The Conversation

NJ Dem Congressman: Bill Clinton Probably Right About U.S. Ceding Internet Authority

Congressman Bill Pascrell (D - NJ) appears to be siding with former President Bill Clinton and Republicans on Capitol Hill who are concerned about the administration's plans to cede U.S. oversight of the internet to an international body.

"I haven’t come to any conclusion. I think it’s an interesting concept, but I don’t know if I’m supporting it.  I’m not leaning in favor of it—right now," Pascrell told Breitbart News on Monday.

According to, Clinton bucked the Obama administration and told an audience at a meeting sponsored by the Clinton Global Initiative last Friday, "A lot of people who have been trying to take this authority from the U.S. for the sole purpose of cracking down on Internet freedom and limiting it and having governments protect their backsides instead of empowering the people." 

The former president also said, "Whatever you think our country has done wrong, the United States has been by far the country most committed to keeping the Internet free and open and uninterrupted."

Rep. Tom Price (R - GA) agreed telling Breitbart News, "Ceding the authority of the internet to any other nation is just ceding responsibility for an internet that actually functions and works for people." He added, "Other nations don’t necessarily have the best interests of citizens at heart—they have their country’s best interests at heart but they don’t have the citizens best interest at heart, so I think it’s a terrible idea."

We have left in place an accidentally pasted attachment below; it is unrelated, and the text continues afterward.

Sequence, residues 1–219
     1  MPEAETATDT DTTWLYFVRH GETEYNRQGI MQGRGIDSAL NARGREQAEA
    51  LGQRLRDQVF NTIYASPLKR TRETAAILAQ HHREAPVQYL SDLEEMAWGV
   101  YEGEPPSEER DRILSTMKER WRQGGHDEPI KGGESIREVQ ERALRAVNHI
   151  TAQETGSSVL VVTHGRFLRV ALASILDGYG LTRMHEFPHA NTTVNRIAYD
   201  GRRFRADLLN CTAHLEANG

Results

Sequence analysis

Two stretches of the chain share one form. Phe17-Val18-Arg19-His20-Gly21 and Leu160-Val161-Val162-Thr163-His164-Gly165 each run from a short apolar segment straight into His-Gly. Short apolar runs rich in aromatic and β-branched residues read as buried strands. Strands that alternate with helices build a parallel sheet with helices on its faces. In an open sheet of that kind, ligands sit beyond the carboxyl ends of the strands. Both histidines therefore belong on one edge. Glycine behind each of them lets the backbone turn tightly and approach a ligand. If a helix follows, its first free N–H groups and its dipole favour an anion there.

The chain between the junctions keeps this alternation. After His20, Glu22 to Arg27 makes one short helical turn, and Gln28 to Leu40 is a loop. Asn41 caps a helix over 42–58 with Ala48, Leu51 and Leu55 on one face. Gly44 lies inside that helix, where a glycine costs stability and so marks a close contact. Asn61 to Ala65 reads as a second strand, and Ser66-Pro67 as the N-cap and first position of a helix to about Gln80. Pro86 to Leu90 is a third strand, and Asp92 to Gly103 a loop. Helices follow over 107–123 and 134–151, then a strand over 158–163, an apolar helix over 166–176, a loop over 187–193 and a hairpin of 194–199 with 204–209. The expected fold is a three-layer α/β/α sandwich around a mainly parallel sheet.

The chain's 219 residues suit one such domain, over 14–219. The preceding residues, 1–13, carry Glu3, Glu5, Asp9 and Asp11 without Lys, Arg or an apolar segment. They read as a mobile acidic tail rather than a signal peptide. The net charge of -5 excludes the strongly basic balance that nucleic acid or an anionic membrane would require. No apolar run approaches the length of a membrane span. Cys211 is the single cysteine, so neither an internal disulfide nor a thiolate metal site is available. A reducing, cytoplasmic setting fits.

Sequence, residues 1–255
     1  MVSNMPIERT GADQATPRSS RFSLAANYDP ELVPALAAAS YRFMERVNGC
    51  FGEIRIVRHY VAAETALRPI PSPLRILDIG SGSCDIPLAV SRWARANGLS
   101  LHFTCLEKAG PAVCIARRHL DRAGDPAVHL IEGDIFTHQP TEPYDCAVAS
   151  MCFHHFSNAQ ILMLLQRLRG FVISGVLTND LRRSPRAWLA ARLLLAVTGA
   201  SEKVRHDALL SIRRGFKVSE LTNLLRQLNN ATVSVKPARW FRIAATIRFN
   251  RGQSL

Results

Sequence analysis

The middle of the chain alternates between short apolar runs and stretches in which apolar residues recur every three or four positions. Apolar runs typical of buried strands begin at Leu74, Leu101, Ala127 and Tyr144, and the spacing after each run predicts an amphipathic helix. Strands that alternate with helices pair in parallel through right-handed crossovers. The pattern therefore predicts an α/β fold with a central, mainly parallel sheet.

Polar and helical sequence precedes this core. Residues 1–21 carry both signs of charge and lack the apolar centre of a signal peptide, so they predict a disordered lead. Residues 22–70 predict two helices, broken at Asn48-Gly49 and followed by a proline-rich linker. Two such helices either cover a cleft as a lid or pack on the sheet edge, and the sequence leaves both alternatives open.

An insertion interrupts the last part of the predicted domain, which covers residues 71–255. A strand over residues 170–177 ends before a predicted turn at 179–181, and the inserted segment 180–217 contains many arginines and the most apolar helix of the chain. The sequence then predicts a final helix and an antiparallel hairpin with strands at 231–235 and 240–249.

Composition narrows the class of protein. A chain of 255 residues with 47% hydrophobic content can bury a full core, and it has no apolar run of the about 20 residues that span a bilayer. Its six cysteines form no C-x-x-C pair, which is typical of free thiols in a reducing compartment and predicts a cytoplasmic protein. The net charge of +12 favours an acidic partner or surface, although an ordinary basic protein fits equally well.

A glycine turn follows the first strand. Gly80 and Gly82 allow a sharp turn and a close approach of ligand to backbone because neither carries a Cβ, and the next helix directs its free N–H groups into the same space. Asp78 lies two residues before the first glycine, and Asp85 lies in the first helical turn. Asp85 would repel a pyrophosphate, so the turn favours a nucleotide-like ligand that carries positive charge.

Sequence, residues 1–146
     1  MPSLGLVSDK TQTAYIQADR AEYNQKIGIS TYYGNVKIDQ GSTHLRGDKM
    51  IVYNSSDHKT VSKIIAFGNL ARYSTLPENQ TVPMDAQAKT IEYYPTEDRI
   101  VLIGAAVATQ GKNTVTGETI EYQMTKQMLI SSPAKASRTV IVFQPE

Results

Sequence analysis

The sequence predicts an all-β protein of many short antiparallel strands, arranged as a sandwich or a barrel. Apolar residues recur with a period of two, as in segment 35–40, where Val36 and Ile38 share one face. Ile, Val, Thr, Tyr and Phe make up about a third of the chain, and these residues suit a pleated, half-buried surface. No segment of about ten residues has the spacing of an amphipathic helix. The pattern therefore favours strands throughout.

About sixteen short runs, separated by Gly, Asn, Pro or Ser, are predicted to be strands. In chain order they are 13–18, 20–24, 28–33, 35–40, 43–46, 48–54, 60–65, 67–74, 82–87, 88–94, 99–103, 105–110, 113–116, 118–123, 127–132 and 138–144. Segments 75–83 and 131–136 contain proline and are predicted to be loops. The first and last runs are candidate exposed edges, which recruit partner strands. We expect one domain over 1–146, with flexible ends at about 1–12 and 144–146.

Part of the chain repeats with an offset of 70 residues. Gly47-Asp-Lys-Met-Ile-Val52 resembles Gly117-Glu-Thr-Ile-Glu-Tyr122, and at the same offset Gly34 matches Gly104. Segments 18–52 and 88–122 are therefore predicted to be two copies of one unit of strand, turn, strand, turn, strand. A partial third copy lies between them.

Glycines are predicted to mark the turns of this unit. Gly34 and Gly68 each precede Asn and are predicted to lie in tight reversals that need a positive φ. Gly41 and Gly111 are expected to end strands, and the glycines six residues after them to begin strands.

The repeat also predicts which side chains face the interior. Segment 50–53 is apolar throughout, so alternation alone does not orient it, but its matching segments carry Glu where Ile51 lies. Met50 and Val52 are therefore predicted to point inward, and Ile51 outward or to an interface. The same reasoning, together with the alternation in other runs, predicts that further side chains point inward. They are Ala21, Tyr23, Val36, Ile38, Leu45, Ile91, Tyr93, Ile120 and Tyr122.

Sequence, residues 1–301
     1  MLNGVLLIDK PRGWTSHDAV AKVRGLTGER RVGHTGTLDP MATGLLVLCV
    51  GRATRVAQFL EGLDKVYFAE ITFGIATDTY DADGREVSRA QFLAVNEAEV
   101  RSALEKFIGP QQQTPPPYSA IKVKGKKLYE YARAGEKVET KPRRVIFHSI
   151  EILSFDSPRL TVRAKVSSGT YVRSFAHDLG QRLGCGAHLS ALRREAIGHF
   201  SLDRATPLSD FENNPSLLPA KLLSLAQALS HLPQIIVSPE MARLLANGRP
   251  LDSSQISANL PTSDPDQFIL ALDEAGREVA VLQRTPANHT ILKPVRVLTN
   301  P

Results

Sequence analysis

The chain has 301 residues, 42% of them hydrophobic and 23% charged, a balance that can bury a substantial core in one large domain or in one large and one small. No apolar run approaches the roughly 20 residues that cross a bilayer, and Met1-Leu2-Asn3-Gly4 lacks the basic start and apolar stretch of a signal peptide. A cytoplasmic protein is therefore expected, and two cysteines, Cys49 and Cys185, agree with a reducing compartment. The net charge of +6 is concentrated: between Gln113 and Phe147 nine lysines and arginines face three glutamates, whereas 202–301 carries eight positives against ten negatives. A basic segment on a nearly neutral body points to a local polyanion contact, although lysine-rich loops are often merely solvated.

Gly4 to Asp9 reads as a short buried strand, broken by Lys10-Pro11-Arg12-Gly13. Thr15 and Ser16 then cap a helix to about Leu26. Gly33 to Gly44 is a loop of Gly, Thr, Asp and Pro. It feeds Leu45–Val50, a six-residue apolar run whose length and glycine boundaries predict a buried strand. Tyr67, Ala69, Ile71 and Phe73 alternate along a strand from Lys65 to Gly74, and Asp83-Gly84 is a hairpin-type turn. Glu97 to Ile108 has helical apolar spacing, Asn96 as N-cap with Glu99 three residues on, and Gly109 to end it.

Other Democratic members on the hill appeared bewildered about the issue refusing to comment about the conflict between the administration and Clinton. When informed about Clinton's stance, Sen. Joe Manchin (D - WV) only responded, "I have to talk to Bill about that one.

The Internet Corp. for Assigned Names and Numbers  (ICANN) maintains website domain names and is a nonprofit with an international hierarchy of “stakeholders.” This is essentially an organization that includes governments, businesses, and others. However, ICANN has always been under a contract from the U.S. Department of Commerce. The Commerce Department announced on March 14 that it would give up   control over the remaining domain names next year. In its stead, a new system of global web governance would take over the operation.


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